Joaquín Sorolla y Bastida - El pescador
El pescador, 1904

I like the diagonal composition of this young boy and his physical energy.The way Sorolla paints the ocean is absolutely mesmerizing, and here he contrasts it with the cool cast reflections of cool tones on the boy's chest. Look at the colors he uses in the fish the boy is carrying in the basket. The way that shadow across his forearm changes from dark to blue is magical.

El botijo-Sorolla
The drinking jug, 1904

Beautiful brushstrokes here define the characters and the clothing. A young mother feeds water to her barefoot child, and yet our eyes are drawn to what she is wearing. Sorolla effortlessly combines subtle colored greys while showing parts of the underpainting to emphasize the rustic qualities once again. There is no sentimentality here at all, instead revealing a fresh take on a familiar theme we can all relate to. I like how the the doorway behind them has a cool, almost purple tone to it.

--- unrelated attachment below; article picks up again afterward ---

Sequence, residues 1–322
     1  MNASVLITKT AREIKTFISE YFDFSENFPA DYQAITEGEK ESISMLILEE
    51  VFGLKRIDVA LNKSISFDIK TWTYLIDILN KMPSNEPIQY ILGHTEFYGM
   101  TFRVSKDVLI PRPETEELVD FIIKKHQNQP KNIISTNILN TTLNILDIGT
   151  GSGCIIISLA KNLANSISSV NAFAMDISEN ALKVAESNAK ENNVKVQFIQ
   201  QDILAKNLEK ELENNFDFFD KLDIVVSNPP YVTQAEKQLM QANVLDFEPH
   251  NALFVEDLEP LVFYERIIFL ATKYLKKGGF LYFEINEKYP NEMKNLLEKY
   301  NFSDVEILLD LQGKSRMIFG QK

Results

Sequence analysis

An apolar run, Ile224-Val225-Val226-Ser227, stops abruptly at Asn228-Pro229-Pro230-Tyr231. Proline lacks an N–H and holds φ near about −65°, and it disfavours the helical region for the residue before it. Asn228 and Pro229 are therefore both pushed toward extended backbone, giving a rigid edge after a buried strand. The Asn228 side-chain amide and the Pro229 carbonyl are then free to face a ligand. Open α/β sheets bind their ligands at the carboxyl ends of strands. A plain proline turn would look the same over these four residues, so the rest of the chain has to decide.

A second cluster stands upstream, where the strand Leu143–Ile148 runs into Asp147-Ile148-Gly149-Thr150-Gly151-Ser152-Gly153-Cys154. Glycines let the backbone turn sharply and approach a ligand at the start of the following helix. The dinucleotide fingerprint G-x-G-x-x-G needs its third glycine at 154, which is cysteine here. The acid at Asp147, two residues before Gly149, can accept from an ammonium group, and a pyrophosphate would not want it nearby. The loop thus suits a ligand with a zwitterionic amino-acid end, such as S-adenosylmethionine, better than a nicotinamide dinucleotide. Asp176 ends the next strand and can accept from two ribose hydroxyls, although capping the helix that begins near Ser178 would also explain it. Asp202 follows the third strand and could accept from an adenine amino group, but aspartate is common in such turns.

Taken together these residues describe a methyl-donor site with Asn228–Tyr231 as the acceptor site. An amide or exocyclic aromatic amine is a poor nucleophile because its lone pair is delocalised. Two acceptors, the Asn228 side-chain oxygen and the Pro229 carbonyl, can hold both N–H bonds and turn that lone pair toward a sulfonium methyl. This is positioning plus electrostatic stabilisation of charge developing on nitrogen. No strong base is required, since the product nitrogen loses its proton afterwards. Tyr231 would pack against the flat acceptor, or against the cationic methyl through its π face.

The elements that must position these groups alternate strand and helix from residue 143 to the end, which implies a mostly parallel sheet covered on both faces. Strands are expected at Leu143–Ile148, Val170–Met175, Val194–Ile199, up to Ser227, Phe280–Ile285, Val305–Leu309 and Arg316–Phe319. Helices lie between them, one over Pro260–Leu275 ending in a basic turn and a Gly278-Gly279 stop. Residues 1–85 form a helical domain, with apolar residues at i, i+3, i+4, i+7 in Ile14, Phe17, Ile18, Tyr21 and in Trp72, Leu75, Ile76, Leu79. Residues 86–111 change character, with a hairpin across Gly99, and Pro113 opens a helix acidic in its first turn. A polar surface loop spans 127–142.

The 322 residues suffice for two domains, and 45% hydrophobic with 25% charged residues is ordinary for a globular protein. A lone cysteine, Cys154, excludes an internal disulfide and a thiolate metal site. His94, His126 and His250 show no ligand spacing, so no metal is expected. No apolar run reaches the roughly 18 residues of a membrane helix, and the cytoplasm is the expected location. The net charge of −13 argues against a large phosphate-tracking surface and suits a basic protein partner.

Joaquín Sorolla y Bastida - La hora del baño
La hora del baño, 1904

Titled Bathtime in english, this absolutely gorgeous view of the ocean, with young children bathing innocently, reveals Sorolla's deep love of the sea and his nurturing culture. Look at how the young mother waits for the children with arms wide open holding a large white towel fluttering in the wind. Squint hard and those superb highlights in the water glisten radiantly against that deep blue water. For Sorolla, painting is not just about social commentary or things that are attractive to the public, but painting is about what is deeply personal to us as artists and as human beings. Moments like this are fleeing, and beautiful.

Joaquín Sorolla - Buscando Mariscos, Playa de Valencia
Buscando Mariscos, Playa de Valencia 1907